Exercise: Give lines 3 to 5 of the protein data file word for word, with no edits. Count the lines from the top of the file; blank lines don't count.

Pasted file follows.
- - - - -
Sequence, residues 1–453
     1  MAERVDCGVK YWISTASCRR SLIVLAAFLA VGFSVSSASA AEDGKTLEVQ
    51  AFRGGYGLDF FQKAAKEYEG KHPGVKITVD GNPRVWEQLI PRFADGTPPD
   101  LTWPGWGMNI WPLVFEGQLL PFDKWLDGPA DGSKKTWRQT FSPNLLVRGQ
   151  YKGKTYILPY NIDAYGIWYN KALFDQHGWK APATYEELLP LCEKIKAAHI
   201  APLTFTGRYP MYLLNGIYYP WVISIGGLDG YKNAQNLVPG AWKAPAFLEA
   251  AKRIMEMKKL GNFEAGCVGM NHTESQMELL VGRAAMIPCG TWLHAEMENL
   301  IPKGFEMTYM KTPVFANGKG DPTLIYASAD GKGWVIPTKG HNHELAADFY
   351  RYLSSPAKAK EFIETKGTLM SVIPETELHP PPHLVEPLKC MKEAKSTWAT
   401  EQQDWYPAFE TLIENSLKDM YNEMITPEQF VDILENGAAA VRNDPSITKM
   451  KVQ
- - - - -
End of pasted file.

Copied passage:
    51  AFRGGYGLDF FQKAAKEYEG KHPGVKITVD GNPRVWEQLI PRFADGTPPD
   101  LTWPGWGMNI WPLVFEGQLL PFDKWLDGPA DGSKKTWRQT FSPNLLVRGQ
   151  YKGKTYILPY NIDAYGIWYN KALFDQHGWK APATYEELLP LCEKIKAAHI